SXSW is a festival that prioritizes rock music. Unfortunately, dance acts and hip hop artists tend to get the shaft. There’s a shocking dearth of hip hop this year beyond what I already listed, though I strongly recommend you follow Scratched Vinyl‘s coverage (founder/editor/personal friend Chi Chi Thalken will be giving a rundown on KOOP’s “Hip Hop Hooray” this Sunday at 2 p.m., so tune in). However, while I don’t want rock to be the festival’s default genre, I do upon occasion enjoy a cold beer and an electric guitar. For folks looking to rock out, might I suggest Heavy Cream, Fever Fever, Puffyshoes, Those Darlins, and Le Butcherettes?

Austin is a thriving music community in its own right, so check out some of our local talent. Christeene‘s an international superstar, but she’s ours. Schmillion are opening for the Bangles, so they’re due to break huge any day now. Agent Ribbons and Soft Healer spin a moody, beautiful tune that befits our vast landscape. Most everyone can get down to Akina Adderley and the Vintage Playboys‘ retro soul.

Likewise, there are some great showcases being put on by locals. I already mentioned GayBiGayGay, which will nurse you through your Sunday hangover. Mess With Texas has become a big-tent tradition. Girls Rock Camp Austin is partnering with Bitch for their day show and is holding a benefit where attendees can receive a guitar signed by Susanna Hoffs. Veronica Ortuño is holding her third annual Night of Rage. KVRX and Party Ends are putting on some good shows as well. And even though Terrorbird Media isn’t a local promotion company, it’s run by some very nice people with good taste. Also, apparently the good people at Karaoke Underground are doing their thing at Dive on Saturday, the 19th. Belt your favorite indie rock tunes, regardless of whether you have a voice left.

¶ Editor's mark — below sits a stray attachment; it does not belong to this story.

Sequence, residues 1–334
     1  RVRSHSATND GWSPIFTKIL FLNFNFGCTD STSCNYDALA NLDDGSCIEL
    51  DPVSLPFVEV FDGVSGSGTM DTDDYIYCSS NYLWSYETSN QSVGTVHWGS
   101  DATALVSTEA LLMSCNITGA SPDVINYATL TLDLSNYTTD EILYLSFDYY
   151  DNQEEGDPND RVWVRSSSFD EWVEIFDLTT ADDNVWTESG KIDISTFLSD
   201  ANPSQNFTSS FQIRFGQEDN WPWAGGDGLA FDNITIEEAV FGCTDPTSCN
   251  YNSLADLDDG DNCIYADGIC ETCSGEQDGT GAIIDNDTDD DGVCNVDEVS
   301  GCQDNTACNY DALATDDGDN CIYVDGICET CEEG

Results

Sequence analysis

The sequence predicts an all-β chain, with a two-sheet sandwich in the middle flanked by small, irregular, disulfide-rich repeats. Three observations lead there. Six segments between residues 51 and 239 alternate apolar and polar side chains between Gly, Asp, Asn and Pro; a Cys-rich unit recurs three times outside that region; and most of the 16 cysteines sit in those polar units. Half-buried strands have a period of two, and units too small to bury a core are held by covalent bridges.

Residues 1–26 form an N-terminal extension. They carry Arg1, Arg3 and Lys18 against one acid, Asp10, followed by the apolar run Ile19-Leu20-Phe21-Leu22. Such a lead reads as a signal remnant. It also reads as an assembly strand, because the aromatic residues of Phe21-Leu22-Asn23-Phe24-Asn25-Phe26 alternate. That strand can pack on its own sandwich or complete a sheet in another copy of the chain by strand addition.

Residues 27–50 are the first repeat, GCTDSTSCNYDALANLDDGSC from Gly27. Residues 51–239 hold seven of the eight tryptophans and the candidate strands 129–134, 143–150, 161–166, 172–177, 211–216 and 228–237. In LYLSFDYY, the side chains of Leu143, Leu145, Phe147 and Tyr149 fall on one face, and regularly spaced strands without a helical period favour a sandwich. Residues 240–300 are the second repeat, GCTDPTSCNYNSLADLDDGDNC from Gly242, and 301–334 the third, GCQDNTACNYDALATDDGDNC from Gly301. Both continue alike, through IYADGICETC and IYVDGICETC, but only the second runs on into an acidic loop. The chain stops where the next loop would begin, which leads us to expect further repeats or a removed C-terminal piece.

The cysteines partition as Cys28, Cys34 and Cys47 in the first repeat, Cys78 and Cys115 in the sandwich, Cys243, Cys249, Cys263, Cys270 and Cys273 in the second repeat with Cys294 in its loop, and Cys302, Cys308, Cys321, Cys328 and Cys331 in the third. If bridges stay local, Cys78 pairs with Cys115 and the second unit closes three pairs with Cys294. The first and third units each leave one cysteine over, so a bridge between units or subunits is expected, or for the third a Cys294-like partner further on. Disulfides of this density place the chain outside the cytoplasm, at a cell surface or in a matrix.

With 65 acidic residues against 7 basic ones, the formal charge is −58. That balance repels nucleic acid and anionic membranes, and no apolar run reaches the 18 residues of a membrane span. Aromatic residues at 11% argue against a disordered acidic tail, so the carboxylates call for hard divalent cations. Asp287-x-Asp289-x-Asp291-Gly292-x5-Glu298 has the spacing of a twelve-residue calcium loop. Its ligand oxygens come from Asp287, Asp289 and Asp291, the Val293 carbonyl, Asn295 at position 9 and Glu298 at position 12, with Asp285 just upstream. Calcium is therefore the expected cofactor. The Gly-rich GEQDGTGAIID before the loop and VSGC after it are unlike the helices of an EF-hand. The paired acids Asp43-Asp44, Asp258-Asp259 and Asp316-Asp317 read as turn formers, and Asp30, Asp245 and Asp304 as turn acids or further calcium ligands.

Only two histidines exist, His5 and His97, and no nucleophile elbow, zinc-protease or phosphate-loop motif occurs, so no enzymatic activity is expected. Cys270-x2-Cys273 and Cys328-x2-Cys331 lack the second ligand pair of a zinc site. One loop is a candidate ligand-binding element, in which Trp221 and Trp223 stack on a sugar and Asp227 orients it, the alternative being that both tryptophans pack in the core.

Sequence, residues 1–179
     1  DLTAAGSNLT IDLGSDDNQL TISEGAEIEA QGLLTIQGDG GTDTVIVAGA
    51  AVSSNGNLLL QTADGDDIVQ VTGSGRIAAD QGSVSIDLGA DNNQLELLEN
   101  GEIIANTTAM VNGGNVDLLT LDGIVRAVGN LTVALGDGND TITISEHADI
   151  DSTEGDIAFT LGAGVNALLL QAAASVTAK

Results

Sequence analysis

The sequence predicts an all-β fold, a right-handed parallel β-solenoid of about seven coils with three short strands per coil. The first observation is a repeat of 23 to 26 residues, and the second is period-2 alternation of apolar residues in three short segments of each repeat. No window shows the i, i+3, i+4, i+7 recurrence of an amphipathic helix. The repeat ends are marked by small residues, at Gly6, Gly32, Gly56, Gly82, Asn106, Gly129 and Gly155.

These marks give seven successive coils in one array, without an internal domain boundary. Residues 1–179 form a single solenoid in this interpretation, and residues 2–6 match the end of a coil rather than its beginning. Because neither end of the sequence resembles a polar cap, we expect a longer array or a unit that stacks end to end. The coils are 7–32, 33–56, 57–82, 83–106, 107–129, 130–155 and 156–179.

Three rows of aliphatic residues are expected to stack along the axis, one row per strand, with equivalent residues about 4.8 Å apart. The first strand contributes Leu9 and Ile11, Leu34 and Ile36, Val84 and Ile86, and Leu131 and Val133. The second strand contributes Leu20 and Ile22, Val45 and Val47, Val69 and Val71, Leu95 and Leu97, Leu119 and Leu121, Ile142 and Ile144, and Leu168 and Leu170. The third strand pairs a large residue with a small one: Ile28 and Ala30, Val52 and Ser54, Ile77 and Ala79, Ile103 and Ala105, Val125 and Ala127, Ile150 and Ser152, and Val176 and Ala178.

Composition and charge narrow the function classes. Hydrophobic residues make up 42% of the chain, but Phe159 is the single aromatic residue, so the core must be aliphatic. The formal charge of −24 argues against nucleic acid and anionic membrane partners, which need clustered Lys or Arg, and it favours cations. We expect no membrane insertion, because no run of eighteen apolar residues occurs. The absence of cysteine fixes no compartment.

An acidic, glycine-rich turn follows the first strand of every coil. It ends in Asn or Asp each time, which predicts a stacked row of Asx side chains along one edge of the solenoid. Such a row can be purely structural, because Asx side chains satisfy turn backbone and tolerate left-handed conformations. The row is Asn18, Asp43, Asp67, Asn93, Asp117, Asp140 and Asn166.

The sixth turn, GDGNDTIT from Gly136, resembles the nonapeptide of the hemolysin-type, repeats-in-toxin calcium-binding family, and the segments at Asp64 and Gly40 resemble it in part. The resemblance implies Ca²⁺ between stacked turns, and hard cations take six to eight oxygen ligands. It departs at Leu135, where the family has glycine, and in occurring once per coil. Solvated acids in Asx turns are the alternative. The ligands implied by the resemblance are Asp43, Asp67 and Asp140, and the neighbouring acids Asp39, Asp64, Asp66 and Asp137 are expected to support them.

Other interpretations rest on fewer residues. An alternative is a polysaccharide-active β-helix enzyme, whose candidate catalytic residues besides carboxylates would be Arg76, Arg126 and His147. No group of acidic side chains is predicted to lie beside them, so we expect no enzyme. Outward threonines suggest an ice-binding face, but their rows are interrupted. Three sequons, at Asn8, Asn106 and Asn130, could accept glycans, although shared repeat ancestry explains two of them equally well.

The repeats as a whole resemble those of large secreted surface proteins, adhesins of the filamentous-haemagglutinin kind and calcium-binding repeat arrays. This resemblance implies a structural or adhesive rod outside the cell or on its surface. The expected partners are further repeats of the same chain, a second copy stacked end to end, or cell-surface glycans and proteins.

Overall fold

Ian Curtis and I love Karaoke Underground; image courtesy of Karaoke Underground

I attempted to be comprehensive here, but I’m sure I forgot some important people. Feel free to leave endorsements in the comments section and I’ll see you on the fairground.

SXSW Day 1 recap

First off, the official launch of the music festival was laced with sadness. It was reported yesterday that Alex Chilton of Big Star and The Box Tops died of a heart attack in New Orleans. That Big Star was going to be playing this Saturday is not to be overlooked. And on a personal note, we just got my partner’s dad to start listening to Big Star last week, as he missed them the first time around.

Alex Chilton playing with Yo La Tengo in 2007; image courtesy of brooklynvegan.com

While Big Star is still somewhat obscure, their influence can’t be denied. While some may have never heard of the band, their music has seeped into the pop lexicon. Cheap Trick’s cover of “In the Street” was the theme to That 70s Show. “Thirteen” has been covered by just about everyone, Elliott Smith’s version a highlight in what I found to be an otherwise disappointing Thumbsucker.

My personal favorite is a brief moment in Adventureland when James and Em have an exchange about her copy of Radio City (dig that iconic cover, then recognize that photographer William Eggleston is responsible for awesome album art).

But the impact they had on other artists is astounding. Smith, R.E.M., Yo La Tengo, Garbage, Wilco — basically what became alternative rock was directly influenced by this Memphis outfit. I found out about Big Star via Jeff Buckley’s cover of “Kanga Roo,” which was often his set closer. As a result, I knew who The Replacements were singing about in “Alex Chilton” and where The Bangles got “September Gurls” from.

In short Chilton will be missed, but at least we have his beautiful music.

Now, onto the festivities.

So I got to the TerrorBird showcase a little after 4:30, in time to see a student I work with at GRCA walk out of Red 7. Pretty sure when I got there, Toro Y Moi pack up. Apparently, according to my friends, Chaz Bundick was pretty boring. I was afraid of this. As much of this chillwave is “just” some dude plinking on instruments and playing samples in his bedroom, I’d imagine that it’s hard to make this music presentational. I might try to check him out again at the festival or later. I really like Causers of This.

Real Estate – Last show I saw of the TerrorBird showcase. I’ll be candid – I thought this band was really boring on record. I was like “yeah, so the slow, dreamy parts of Daydream Nation. I kinda like member Matt Mondanile’s solo project Ducktails okay . . . next.” So I was pleasantly surprised to find that I liked their set. I really got a sense of how the band interacted and an appreciation for their sound. I will point out, though, that if the musical contributions of the ‘teens will be something of a 90s revival, Real Estate indicate how influential jam bands were to indie touchstones like Pavement.

I wasn’t really into seeing A Sunny Day in Glasgow and The Rural Alberta Advantage. You know, I’m a working lady who walked down to the Red River scene from work and had an empty belly. Went to Frank and packed away the Smoked Andouille. Goin’ in for a repeat on Friday.